Here is Post #18 in the Series on Taliessin through Logres. Please visit the INTRODUCTION to this series first, and here is the INDEX to the other posts in the series. This is part 2 of a 3-part series on Palomides by Charles Huttar; you can read Part One here and Part Two here.
The Saracen’s Journey:
Charles Williams’s Palomides Suite
by Charles Huttar
Charles Huttar is Professor of English Emeritus at Hope College. He is co-editor of The Rhetoric of Vision: Essays on Charles Williams and the author of numerous essays on the Inklings, most recently “How Much Does That Hideous Strength Owe to Charles Williams?” (Sehnsucht 2015). When not writing he may be gardening or working KenKen.
Charles Williams in 1927 called Palomides “one of the great Arthurian figures who awaits his due in verse.” Eleven years later he filled that gap himself with three poems tracing the course of Palomides’ life, of which “The Death of Palomides” is the last. The first of the three (discussed earlier) traces his literal journey as a young prince from Persia to Britain, seeking fame and honor, together with his exposure to a succession of competing principles that might reveal the meaning of life—Manichean dualism, Greek rationalism, Islamic submission, and Christian mystery—to none of which, however, is he yet ready to make a commitment. Even when his poetic gift enables him to express Trinitarian insight through his glimpse of Queen Iseult’s beauty, he remains fixated on mundane selfish ambitions. In the second poem we find a middle-aged Palomides, weary of the way of life he has chosen and imprisoned in the “cave of his own skull,” finally in desperation deciding to accept Christian baptism. What that means he barely understands—he “believes unbelievingly,” Williams explains in a note.
Now, uncounted years later (once more), presumably quite a few years since “The Departure of Merlin” precedes it—at any rate, nearing the end of his earthly life—Palomides is stirred by memories, not, in this instance, of any of his renowned deeds of knight-errantry, but of things of greater moment. It is natural for us to wonder how far he has come in the years since that spiritual infancy. Have the insights he expresses in this poem come as the product of steady growth or are they reached only now as he passes his life in review? And are they enough? Williams offers, as we shall see, but slender hints.
One such insight has to do with the whole concept of progressive stages in one’s life. “Once the paths were interminable” (line 29), and he considered worldly achievements to have become approved by virtue of his new status. He was (to adapt a phrase of Williams’s) the New Man but still on the Old Way. At some point he discovered, though still walking “those terminable paths,” that they “are only paths” (36); he learned to say with St. Paul that he had not yet arrived but still strove toward the goal.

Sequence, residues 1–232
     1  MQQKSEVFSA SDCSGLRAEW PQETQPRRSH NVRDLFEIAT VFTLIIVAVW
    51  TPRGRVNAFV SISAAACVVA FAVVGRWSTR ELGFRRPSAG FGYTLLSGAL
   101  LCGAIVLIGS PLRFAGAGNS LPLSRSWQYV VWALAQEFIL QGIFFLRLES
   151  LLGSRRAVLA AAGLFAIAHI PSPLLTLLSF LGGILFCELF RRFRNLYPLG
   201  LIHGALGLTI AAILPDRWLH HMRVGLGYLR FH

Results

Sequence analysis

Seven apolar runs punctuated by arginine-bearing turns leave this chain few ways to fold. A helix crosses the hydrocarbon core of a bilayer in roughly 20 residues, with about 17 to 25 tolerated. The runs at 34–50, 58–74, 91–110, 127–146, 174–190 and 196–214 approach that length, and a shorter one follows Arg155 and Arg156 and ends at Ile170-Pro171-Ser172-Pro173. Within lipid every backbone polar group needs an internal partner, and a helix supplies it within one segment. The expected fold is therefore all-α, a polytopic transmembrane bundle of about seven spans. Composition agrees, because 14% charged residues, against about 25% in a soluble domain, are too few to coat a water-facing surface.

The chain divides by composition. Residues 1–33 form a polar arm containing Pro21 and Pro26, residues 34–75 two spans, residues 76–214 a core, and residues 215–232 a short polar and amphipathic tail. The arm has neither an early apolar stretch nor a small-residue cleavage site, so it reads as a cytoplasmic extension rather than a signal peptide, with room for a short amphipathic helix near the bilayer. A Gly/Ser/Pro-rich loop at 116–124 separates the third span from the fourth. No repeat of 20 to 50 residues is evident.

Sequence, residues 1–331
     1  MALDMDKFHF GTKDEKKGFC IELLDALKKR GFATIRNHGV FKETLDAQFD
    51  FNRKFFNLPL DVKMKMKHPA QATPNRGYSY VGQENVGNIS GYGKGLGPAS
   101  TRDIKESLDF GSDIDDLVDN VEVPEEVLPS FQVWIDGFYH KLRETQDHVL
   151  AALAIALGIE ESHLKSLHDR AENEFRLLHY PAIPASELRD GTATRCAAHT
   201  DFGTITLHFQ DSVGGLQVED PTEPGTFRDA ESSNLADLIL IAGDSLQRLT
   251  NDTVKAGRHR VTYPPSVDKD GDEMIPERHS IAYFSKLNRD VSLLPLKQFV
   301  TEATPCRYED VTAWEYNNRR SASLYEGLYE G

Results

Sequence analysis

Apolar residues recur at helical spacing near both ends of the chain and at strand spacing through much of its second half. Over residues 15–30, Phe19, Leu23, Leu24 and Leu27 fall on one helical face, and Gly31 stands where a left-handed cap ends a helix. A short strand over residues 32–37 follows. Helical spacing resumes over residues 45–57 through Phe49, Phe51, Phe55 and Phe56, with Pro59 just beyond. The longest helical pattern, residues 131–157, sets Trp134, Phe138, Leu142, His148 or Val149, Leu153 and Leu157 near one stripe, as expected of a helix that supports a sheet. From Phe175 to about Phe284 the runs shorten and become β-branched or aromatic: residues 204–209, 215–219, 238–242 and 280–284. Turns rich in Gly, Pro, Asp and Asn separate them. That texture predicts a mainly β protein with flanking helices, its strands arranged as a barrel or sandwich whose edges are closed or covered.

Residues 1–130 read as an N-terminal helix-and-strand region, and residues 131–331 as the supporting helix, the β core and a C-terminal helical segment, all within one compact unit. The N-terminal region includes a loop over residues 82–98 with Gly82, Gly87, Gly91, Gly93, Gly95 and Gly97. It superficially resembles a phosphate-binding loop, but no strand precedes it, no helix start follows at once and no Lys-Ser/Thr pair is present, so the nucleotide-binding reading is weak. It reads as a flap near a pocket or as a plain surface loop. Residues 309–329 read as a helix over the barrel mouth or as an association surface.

He has, of course, learned to say the Lord’s Prayer: glory, kingdom, power (2-3). By the end of the poem he is learning to pray it.
He had long ago (“Before His Christening,” lines 89-90) decided to be content to “look a fool before everyone.” In this poem, he again willingly embraces that self-image (line 48). He goes further, cataloging his failures (45-47)—which do not now matter. He accepts Lancelot’s forgiveness—one more humiliating blow—and understands it as a welcome into the community of the christened. He is learning to imitate Christ in kenosis.
His memories include important new details about his travels: fighting his way across northern Africa with the Muslim armies until they gain a foothold in southern Spain, but then leaving to pursue his own agenda in a month-long journey north, almost to the Pyrenees. Williams uncharacteristically alludes here to a variant Arthurian tradition, kept alive in Wagner’s opera Parzival, which places the castle guarding the Holy Grail on the rugged mountain of Monsalvat—today better known as Montserrat, the site of a centuries-old Benedictine monastery. There, on the plateau beneath this mountain, the young traveler finds hospitality for a night with two relics of the Jewish diaspora, old men of the priestly clan. Despite his carefully guarded this-worldly bent (“scornful of my secret attention,” line 18), Palomides cannot resist being captivated by their evening devotions, chants which, though far from understood, seem to call into question truths that he had taken for granted (13-14). The cries of eagles up on the mountain reinforce the unacknowledged “conflict” growing in his mind (16).